This week’s guest post is provided by Libby. As a 60-year-old grandparent of seven, Libby prides herself on successfully spoiling every child with minimal complaints from her daughter, son, and their respective spouses. Even with chronic back problems, she is determined to earn the title of “World’s Best Grandparent” and spends every afternoon loving on her kids’ kids, one child at a time. Libby created Grandparenting.info to share what she’s learned as a grandmom and to help new grandparents make the most of every second with their grandkids.
There’s no doubt that you love your grandparents, and this holiday season is a great time to show them just how much. When choosing a gift, you can make their day by getting them something they’ll truly cherish. They might be extra appreciative of gifts that they can use to make their lives easier or more comfortable, such as tools for their favorite hobbies or a senior-friendly phone. Here are some ideas.
Letting your grandparents know how much they mean to you is always appreciated. The holidays could be a great time to gift them some sentimental gifts that will remind them they’re always in your thoughts. According to Personal Creations, personalized gifts can hit the right spot. They can combine sentimentality with function or add a great aesthetic to a room. Your choices can include daily use items like clothes, bowls, mugs, and jars. Decorative gifts like photo albums, throws and pillows can really brighten your grandparents’ day.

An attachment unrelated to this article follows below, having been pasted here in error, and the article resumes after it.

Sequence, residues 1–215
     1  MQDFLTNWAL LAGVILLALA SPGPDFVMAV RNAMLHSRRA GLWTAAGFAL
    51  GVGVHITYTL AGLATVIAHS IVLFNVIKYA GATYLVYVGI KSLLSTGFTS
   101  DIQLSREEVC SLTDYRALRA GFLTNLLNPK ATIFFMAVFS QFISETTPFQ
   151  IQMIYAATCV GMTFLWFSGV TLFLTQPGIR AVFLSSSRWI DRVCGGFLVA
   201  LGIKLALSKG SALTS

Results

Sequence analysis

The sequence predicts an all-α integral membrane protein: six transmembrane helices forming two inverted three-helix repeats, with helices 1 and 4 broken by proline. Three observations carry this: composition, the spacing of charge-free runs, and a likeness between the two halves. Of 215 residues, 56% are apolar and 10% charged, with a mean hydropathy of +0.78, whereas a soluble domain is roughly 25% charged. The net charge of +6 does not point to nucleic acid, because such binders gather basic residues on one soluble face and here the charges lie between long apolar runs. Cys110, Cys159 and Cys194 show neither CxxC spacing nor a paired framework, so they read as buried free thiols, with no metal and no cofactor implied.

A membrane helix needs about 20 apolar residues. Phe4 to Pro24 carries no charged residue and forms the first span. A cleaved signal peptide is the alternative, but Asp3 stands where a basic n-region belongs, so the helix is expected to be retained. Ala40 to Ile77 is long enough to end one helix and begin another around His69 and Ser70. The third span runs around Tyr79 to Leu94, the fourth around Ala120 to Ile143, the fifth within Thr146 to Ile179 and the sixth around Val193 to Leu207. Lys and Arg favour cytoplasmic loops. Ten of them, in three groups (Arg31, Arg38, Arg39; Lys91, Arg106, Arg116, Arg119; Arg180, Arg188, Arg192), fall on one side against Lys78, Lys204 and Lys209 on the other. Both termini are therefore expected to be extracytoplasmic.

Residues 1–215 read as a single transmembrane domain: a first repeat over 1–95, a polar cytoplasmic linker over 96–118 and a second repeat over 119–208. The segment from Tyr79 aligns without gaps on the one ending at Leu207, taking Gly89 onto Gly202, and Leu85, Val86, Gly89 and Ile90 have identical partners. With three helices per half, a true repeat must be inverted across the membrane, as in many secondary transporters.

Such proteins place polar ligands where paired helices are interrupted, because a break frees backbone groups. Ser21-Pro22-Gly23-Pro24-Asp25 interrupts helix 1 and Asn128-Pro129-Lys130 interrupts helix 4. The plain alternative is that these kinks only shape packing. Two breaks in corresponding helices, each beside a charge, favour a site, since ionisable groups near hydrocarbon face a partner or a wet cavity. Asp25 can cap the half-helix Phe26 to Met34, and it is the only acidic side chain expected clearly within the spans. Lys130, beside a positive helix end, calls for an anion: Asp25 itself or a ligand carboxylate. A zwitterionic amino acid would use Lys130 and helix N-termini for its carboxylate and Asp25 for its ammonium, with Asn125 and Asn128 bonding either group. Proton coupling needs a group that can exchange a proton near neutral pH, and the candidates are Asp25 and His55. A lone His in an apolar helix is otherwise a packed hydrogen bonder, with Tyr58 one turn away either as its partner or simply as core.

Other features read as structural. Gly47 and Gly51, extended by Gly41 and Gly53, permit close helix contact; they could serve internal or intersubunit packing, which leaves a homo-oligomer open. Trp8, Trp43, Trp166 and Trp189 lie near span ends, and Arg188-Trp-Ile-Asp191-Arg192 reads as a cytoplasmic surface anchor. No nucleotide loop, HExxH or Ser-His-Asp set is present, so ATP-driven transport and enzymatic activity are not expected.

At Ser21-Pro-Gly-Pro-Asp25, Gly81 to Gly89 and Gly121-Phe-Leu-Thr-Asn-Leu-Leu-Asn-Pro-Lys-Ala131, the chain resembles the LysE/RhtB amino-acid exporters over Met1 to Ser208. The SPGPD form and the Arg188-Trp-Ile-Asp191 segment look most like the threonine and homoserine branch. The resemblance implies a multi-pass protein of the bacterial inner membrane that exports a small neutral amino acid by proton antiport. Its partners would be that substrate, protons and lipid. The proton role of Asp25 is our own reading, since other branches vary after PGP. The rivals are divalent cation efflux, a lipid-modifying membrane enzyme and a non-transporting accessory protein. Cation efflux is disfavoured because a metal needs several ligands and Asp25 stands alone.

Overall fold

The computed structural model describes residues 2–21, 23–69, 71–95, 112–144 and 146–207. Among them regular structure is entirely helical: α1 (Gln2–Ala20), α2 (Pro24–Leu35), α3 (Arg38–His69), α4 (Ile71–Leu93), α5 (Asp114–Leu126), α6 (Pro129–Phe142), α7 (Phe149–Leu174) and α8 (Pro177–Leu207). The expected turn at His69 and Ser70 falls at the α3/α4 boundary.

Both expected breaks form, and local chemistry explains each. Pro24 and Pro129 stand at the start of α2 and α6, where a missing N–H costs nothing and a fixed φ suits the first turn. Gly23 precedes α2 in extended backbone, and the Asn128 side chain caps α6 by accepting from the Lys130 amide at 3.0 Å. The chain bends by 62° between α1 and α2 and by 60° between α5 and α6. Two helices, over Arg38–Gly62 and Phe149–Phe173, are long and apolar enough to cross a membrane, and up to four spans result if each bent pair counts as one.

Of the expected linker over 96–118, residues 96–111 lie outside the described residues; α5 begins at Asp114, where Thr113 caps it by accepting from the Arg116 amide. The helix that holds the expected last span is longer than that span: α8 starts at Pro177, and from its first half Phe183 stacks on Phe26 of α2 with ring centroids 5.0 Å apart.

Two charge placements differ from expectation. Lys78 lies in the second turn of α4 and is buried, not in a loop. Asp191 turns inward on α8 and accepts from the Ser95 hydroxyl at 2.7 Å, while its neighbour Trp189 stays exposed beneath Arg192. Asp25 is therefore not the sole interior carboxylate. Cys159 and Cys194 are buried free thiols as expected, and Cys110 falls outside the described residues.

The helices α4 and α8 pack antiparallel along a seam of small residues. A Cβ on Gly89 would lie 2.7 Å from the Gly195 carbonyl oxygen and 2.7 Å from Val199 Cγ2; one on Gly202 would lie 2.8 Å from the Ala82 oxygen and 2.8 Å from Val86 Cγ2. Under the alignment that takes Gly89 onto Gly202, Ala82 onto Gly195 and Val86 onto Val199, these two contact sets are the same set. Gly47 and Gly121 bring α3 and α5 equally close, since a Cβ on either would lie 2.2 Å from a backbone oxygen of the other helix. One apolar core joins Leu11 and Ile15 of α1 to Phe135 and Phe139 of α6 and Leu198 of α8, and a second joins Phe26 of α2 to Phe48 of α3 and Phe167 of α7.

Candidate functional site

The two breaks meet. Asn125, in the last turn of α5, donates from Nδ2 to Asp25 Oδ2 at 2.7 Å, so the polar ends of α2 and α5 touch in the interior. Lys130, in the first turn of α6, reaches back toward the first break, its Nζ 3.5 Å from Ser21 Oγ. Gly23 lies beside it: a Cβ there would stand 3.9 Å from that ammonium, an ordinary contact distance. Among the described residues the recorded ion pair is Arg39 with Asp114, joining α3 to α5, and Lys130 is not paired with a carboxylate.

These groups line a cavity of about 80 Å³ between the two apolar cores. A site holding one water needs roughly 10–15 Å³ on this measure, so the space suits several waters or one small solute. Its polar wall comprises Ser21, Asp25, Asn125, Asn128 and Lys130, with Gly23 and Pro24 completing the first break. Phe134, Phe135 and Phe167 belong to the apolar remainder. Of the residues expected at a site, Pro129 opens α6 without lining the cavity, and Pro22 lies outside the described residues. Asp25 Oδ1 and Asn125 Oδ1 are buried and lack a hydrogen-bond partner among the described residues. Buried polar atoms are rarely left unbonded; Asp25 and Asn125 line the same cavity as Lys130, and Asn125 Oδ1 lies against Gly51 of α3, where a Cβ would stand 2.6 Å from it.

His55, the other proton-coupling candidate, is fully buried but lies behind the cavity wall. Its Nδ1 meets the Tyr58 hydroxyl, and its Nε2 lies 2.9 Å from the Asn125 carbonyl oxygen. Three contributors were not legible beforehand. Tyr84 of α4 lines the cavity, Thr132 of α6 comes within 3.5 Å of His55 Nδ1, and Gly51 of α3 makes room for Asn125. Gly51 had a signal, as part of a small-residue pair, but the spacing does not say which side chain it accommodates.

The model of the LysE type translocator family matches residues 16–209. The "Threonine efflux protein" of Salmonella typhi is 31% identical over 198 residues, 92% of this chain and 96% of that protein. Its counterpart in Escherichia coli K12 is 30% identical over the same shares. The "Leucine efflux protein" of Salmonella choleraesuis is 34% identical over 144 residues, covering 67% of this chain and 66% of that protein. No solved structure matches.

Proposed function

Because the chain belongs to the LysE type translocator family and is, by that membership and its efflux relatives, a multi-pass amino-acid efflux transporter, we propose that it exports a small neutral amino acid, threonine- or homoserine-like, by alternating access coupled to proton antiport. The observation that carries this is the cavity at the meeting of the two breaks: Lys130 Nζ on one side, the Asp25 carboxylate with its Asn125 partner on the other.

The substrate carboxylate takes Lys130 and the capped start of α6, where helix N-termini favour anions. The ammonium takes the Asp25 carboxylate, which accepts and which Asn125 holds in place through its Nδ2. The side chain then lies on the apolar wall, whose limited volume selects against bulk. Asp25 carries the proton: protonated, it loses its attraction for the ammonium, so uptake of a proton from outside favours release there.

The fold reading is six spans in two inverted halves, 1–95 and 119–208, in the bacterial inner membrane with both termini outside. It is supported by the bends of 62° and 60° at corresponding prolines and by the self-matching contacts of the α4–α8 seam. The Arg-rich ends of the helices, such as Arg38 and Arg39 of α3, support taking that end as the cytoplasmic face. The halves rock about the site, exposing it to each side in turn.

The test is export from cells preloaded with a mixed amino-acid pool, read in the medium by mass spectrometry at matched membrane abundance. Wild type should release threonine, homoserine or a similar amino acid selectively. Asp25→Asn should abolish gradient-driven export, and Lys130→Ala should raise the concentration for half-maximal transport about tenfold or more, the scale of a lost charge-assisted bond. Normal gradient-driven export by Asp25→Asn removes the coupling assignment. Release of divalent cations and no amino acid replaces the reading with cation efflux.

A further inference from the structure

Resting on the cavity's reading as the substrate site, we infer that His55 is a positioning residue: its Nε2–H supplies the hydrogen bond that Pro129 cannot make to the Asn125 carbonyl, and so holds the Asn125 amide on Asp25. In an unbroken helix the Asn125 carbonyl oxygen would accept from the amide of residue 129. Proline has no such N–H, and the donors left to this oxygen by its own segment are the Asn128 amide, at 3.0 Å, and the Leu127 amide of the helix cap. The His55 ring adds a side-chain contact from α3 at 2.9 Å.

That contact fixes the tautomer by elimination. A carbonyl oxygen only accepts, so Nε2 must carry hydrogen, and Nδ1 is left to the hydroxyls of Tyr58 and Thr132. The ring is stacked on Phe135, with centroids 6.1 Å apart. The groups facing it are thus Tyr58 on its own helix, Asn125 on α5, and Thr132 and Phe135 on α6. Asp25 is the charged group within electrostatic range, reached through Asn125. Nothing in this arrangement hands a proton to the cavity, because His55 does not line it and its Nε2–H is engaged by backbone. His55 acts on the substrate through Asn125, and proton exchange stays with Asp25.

If your grandparents are like most, they like to talk about family and the great, big family tree. Why not get them a gift that will showcase these interconnections? Family tree frames can be used to house pictures of a family tree of varying sizes depending on how large you’d like to make it. You can even get creative and combine more than one of these frames.
Yes, it may seem that technology and older adults aren’t always a good match, but you might be surprised by the number of senior-friendly technology devices out there. According to Gear Brain, some tech gifts your grandparents might appreciate include robot cleaning devices and a truly simple Wi-Fi product that your grandparents can have set up in no time. If you always want to send pictures to them but they’re not that tech-savvy to use email, consider getting them digital photo frames that you can update with pictures at the touch of a button.